This is one of the most insane things I’ve ever read. A British author visits a North Korean department store without minders (don’t try this at home):
I went several times during the festival to Pyongyang Department Store Number 1. This is in the very centre of the city. Its shelves and counters were groaning with locally produced goods, piled into impressive pyramids or in fan-like displays, perfectly arranged, throughout the several floors of the building. On the ground floor was a wide variety of tinned foods, hardware and alcoholic drinks, including a strong Korean liqueur with a whole snake pickled or marinated in the bottle, presumably as an aphrodisiac. Everything glittered with perfection, the tidiness was remarkable.
It didn’t take long to discover that this was no ordinary department store. It was filled with thousands of people, going up and down the escalators, standing at the corners, going in and out of the front entrance in a constant stream both ways – yet nothing was being bought or sold. I checked this by standing at the entrance for half an hour. The people coming out were carrying no more than the people entering. Their shopping bags contained as much, or as little, when they left as when they entered. In some cases, I recognised people coming out as those who had gone in a few minutes before, only to see them re-entering the store almost immediately. And I watched a hardware counter for fifteen minutes. There were perhaps twenty people standing at it; there were two assistants behind the counter, but they paid no attention to the ‘customers’. The latter and the assistants stared past each other in a straight line, neither moving nor speaking.
Eventually, they grew uncomfortably aware that they were under my observation. They began to shuffle their feet and wriggle, as if my regard pinned them like live insects to a board. The assistants too became restless and began to wonder what to do in these unforeseen circumstances. They decided that there was nothing for it but to distribute something under the eyes of this inquisitive foreigner. And so, all of a sudden, they started to hand out plastic wash bowls to the twenty ‘customers’, who took them (without any pretence of payment). Was it their good luck, then? Had they received something for nothing? No, their problems had just begun. What were they to do with their plastic wash bowls? (All of them were brown incidentally, for the assistants did not have sufficient initiative to distribute a variety of goods to give verisimilitude to the performance, not even to the extent of giving out differently coloured bowls.)
They milled around the counter in a bewildered fashion, clutching their bowls in one hand as if they were hats they had just doffed in the presence of a master. Some took them to the counter opposite to hand them in; some just waited until I had gone away. I would have taken a photograph, but I remembered just in time that these people were not participating in this charade from choice, that they were victims, and that – despite their expressionless faces and lack of animation – they were men with chajusong, that is to say creativity and consciousness, and to have photographed them would only have added to their degradation. I left the hardware counter, but returned briefly a little later: the same people were standing at it, sans brown plastic bowls, which were neatly re-piled on the shelf.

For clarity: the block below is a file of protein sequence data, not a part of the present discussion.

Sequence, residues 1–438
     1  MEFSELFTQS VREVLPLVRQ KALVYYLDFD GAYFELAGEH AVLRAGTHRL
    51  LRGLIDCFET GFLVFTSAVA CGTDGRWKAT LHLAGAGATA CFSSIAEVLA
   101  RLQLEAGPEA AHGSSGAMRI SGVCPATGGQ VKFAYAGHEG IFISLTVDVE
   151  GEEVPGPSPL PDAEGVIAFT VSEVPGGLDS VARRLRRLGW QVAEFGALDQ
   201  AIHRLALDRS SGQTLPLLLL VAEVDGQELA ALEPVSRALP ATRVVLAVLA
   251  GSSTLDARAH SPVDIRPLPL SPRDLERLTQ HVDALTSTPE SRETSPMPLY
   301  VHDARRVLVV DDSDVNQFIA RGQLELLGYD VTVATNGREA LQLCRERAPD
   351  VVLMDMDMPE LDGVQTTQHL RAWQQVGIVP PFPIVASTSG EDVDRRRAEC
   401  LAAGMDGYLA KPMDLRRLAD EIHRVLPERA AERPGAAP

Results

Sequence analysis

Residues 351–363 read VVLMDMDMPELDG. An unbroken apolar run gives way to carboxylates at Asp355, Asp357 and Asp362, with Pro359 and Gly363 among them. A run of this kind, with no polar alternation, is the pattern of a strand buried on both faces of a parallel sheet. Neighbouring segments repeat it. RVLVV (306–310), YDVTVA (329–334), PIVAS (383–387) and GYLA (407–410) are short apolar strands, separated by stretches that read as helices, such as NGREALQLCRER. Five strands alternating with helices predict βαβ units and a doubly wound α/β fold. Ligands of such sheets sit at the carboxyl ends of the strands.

I also followed a few people around at random, as discreetly as I could. Some were occupied in ceaselessly going up and down the escalators; others wandered from counter to counter, spending a few minutes at each before moving on. They did not inspect the merchandise; they moved as listlessly as illiterates might, condemned to spend the day among the shelves of a library. I did not know whether to laugh or explode with anger or weep. But I knew I was seeing one of the most extraordinary sights of the twentieth century.
It’s an excerpt from the outstanding book The Wilder Shores of Marx: Journeys in a Vanishing World. You can read more here.
This makes me think of China’s department stores, such as Shanghai No. 1 Department Store, which are certainly not filled with fake shoppers as in the above anecdote, but they can’t be doing much better in terms of sales.
You can see the Communist influence in the clumsy payment process, where the sales clerk hands you a sales slip in triplicate for the item you want (such as an overpriced pair of ECCO shoes), then you have to leave the item with the clerk and take the sales slip to the cashier booth, where you pay and get all the copies of the sales slip stamped by the cashier, then walk back to the clerk and give her one of the stamped copies of the slip to collect your item – and repeat this process for every item you buy.
Which is just part of the reason why nobody shops at department stores in China anymore and the Shanghai No. 1 Department Store is closing for an overhaul.